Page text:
Fostering Communal Identities: Communitarian Artistic Projects in Local Communities of Premodern China

Fostering Communal Identities: Communitarian Artistic Projects in Local Communities of Premodern China
pdf: http://hdl.handle.net/11144/4232 

 

 

Junfu Wong

reywongjf@hotmail.com

Wolfson College, University of Cambridge

 

 

To cite this paper: WONG, Junfu–Fostering Communal Identities: Communitarian Artistic Projects in Local Communities of Premodern China. Estudo Prévio 15. Lisboa: CEACT/UAL - Centro de Estudos de Arquitetura, Cidade e Território da Universidade Autónoma de Lisboa, 2019. ISSN: 2182-4339 [Available at: www.estudoprevio.net]. DOI: https://doi.org/10.26619/2182-4339/15.1

 

Received on 2 February 2019 and accepted for publication on 25 May 2019.

Creative Commons, licence CC BY-4.0: https://creativecommons.org/licenses/by/4.0/

 

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Abstract

 

China regional communities have a long history of fostering social interactions through artistic practices. During the fifth and sixth centuries, individuals in local communities were bonded to the greater collectives by participating in artistic projects of establishing stone stelae. Communal practices and liturgies were carried out around the stelae, that forged a platform enabling community members who belonged to different ethnic and social groups to collaborate. Both texts and icons inscribed on the stelae revealed a vivid picture of this artistic performance in local communities. By reviewing them, this paper reveals the ways this artistic practice of stele erection can help create the integrity of the community. It starts by setting out all the procedures required for establishing the stelae. It then unveils the symbolic function of the visual images on stelae that unified transcultural and transregional identities. Such an enquiry into the local communities in premodern period shows that art as a medium has a protracted history in unifying communities, reconciliating ethnic tensions, demarcating boundaries of identities and territories.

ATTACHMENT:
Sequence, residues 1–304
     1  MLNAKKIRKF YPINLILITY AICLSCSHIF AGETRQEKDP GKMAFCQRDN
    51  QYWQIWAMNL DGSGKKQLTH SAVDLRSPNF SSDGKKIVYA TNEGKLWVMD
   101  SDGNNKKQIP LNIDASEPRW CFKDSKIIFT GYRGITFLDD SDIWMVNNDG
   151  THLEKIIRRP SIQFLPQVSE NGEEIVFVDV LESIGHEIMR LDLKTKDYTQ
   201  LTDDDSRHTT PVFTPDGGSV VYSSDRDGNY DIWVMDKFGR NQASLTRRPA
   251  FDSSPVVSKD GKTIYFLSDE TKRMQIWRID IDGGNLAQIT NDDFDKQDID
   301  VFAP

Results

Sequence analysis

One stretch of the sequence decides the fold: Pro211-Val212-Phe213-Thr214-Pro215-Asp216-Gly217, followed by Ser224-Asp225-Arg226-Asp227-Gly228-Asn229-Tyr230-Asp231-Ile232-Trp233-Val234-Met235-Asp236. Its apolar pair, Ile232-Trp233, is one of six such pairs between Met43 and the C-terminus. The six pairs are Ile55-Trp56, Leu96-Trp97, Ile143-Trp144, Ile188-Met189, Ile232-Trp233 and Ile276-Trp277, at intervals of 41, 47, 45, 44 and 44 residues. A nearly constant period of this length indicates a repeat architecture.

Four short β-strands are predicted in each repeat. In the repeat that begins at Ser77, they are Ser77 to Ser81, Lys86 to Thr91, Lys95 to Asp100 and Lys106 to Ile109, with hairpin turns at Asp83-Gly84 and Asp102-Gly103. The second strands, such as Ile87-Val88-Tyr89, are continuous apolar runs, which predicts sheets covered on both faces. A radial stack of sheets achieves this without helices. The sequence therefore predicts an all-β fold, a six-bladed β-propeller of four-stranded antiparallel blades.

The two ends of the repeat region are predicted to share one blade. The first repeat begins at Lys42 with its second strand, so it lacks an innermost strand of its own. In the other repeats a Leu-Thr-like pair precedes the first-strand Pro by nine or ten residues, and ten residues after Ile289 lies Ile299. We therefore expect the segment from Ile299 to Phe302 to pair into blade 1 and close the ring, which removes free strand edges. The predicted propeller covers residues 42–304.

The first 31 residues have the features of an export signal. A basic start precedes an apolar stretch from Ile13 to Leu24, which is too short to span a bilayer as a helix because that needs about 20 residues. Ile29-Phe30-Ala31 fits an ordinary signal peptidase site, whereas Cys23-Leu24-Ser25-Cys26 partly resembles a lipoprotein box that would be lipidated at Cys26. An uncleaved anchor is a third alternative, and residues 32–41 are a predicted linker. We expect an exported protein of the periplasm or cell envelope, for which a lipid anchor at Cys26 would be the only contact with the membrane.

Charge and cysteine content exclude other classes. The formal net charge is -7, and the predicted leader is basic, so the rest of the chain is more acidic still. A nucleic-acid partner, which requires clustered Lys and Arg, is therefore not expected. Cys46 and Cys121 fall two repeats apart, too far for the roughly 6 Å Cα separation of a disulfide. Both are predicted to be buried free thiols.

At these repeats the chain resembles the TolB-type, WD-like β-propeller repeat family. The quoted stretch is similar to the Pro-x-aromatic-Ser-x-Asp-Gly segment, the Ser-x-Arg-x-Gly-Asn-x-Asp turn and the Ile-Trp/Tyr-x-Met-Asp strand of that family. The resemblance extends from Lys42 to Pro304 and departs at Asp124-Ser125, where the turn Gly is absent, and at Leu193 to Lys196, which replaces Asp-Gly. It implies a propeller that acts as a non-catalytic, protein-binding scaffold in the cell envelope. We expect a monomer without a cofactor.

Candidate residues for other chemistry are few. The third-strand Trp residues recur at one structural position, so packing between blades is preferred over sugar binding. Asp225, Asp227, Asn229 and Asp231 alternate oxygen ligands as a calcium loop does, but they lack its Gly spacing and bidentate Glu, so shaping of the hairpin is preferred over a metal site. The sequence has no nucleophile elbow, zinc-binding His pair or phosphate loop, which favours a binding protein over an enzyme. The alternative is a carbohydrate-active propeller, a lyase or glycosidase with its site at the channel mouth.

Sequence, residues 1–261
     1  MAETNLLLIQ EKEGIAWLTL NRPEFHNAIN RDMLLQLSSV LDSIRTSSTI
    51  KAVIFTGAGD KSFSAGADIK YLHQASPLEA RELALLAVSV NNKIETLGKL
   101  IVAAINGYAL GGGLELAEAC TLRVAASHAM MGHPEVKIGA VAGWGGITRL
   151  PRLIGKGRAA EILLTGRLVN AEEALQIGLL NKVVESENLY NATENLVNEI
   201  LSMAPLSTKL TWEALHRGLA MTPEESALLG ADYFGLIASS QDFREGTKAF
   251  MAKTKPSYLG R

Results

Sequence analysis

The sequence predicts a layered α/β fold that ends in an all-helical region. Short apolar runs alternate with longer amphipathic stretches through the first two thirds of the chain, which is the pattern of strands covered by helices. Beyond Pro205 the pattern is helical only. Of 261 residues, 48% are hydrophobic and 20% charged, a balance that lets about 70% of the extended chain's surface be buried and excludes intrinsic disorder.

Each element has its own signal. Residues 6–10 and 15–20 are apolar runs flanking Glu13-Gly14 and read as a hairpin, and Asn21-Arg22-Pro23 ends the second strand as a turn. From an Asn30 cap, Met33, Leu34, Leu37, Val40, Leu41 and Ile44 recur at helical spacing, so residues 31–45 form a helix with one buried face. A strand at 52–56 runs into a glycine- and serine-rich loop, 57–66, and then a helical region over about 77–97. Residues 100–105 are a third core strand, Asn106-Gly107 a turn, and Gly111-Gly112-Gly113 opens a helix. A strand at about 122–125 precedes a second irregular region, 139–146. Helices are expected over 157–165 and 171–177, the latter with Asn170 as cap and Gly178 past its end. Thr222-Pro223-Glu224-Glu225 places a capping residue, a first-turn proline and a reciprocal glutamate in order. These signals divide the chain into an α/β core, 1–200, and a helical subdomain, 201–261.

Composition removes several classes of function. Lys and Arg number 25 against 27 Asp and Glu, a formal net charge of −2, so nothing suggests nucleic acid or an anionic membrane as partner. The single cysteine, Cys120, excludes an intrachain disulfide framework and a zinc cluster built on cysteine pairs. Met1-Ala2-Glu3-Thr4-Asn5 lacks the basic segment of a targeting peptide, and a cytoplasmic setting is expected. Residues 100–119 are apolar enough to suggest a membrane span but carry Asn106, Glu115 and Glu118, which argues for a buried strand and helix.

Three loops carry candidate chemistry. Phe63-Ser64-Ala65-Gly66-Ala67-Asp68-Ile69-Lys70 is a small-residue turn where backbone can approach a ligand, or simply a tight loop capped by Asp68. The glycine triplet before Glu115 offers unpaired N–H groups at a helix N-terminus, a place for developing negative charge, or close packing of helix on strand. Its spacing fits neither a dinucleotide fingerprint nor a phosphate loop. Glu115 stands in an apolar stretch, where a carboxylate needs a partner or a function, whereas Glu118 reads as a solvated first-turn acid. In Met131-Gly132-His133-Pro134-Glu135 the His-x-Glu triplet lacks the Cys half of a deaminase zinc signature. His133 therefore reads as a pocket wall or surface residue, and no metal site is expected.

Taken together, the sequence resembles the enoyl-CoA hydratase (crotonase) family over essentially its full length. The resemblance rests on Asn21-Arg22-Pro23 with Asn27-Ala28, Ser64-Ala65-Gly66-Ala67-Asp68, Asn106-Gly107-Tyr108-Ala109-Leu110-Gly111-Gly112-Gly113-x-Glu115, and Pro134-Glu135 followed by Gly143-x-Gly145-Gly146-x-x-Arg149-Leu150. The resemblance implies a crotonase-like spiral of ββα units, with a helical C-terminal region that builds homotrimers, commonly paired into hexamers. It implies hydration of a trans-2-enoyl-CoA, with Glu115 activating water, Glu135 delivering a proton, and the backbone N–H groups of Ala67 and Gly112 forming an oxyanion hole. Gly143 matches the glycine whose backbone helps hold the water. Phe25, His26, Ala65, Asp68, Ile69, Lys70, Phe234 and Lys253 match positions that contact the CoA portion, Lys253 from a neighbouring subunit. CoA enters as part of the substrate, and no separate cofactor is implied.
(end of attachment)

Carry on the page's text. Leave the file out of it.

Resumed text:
Keywords: China, Community, Art, Premodern, Identity

 

 

 

Introduction